I slept (or tried to sleep) on the dilemma and woke up — this is the day of the shoot, remember — convinced we had to cancel the whole thing. I told John. He was crestfallen. I was preparing to send out a mass email calling the whole thing off at the last minute, certainly not a pleasant task. But first I had to call Kevin.
“I say don’t cancel,” he said.
I was dubious. I was not going to expose people to COVID. No way, no how. Kevin said that if we canceled, we’d never get another chance to do this. Sure, but this virus doesn’t care about all our plans.
Kevin’s solution? He would shoot John alone on a spot marked with an X, right in front of the steps an hour beforehand. John would go home. Then, the rest of us would appear, take our group photo, leaving the X blank. And later, Kevin, with the help of the photographer’s best friend, Photoshop, would drop John into the photo, as if he’d been there the whole time.
Of course, we’ve all seen poorly Photoshopped pictures, and I had real concerns that this would look similarly cheesy. Kevin had no such concerns. He knew how to make Photoshop work for him. The last thing I wanted to do was to cancel this shoot. Both Kevin and John were right — if we canceled, the possibilities we could assemble a big group like this again were slim.
Let’s do this thing.
The late afternoon shoot at Santa Cruz High was like a family reunion. So many legendary Santa Cruz artists, and a few younger artists who had also benefited from John’s help, mingled and caught up, the mood buoyant and expectant.
But no John Sandidge. Sleepy John had done his thing and left. But he had one request. He wanted his granddaughter Makenna by his “side.” Makenna showed up — on her 18th birthday no less — with her grandmother Pat. They both stood next to the X.
If John had been there, this still would have been a challenging shoot for Kevin. Without him, there were even more plates to spin. About 50 people showed up for the shoot, and Kevin had to establish right away what we were there to do. He had three cameras set up — a handheld, one on a tripod, and one aloft on a drone floating above our heads.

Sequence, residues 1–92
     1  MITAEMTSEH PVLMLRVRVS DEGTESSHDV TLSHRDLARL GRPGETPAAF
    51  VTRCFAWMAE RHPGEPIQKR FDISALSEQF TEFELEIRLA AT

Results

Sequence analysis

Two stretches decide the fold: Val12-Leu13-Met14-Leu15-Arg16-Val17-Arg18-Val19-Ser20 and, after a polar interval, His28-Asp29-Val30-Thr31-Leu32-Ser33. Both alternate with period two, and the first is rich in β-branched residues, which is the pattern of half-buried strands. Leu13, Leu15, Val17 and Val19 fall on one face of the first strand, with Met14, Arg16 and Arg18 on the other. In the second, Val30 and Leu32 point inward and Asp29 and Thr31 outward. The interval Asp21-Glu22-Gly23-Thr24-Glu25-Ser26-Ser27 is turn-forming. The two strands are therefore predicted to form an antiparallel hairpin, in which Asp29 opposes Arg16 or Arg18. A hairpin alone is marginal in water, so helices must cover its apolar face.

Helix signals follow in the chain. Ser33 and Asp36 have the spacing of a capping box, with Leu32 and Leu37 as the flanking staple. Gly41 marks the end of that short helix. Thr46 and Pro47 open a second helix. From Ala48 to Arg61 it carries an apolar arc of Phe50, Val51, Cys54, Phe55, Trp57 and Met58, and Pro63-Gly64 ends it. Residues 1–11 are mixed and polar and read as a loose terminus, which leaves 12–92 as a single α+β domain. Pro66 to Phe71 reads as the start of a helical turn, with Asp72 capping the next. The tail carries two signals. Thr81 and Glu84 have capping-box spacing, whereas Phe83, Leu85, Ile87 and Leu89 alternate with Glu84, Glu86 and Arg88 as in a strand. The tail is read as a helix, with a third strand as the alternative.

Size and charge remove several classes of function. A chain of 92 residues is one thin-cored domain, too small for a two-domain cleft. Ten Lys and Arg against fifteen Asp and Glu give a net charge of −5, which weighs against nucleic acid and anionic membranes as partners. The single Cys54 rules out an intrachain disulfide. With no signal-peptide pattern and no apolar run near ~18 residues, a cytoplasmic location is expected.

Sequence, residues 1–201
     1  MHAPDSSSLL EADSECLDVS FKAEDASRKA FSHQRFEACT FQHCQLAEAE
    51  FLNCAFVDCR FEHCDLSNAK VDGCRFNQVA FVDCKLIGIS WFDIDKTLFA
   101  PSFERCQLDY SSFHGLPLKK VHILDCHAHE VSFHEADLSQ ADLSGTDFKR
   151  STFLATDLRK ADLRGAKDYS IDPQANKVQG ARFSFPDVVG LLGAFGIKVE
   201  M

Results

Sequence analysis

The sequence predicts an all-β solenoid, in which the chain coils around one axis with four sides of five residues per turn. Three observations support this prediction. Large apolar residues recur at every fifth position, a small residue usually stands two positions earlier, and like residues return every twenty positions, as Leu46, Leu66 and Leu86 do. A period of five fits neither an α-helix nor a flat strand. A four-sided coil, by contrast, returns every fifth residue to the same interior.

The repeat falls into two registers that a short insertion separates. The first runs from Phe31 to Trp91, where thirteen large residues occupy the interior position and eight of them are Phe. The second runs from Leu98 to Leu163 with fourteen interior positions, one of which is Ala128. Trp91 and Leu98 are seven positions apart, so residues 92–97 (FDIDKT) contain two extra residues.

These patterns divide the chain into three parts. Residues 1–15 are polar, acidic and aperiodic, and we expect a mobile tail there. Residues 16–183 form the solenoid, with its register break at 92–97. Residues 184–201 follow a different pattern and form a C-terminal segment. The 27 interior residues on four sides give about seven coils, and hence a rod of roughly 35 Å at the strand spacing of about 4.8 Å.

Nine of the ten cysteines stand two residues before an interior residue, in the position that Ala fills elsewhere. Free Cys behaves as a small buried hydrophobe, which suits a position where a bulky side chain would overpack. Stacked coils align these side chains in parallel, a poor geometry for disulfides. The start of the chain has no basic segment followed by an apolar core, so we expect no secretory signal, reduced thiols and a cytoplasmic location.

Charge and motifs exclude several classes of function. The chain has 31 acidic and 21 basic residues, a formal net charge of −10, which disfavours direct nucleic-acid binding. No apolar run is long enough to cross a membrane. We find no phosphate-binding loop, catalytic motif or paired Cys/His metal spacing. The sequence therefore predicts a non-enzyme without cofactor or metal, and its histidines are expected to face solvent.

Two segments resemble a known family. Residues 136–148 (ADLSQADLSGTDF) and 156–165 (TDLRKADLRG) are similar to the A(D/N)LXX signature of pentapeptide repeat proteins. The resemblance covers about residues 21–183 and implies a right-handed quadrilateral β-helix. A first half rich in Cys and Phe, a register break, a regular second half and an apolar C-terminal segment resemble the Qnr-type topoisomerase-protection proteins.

“The biggest thing is keep everybody focused,” he told me. “I was constantly moving around, keeping it interactive. Just a little trick I’ve learned is that you keep talking and keep moving to keep them from getting distracted.”
Most of us didn’t give much of a thought to the light. The late afternoon was crystal clear with blue skies and lots of sun. Kevin, however, was fretting.
“By the time that I shot everybody else, almost an hour had gone by [since I shot John]. So the light had changed a bit,” he said. “The problem was also that the light was so harsh and so bright. Normally, if it’s overcast, it’s very easy to get the right exposure on people. When it’s really bright out, you have heavy contrast. So the stuff that’s bright is really bright, and the stuff in the shade is really dark. The fact that we had so many people meant that I needed to make sure that people in the very front row are sharp, and the people in the very back row are also sharp.”
He also had to manage the drone exactly as he did when he shot John alone: “It was getting a little windy, so it’s kind of drifting a little bit. I did the best I could to get the exact placement where John was, and then when the whole crowd was there.”
After the shoot, Kevin didn’t quite know whether he could insert John into the shot and make it look natural to his standards: “I was holding my breath.”
The result is an instant local classic. As time goes on and the photo becomes a historical record, perhaps we’ll even forget that John Sandidge was not in fact present. But after the photo, when Kevin set up individual band shots, it was apparent Sleepy John was there after all. In spirit, anyway.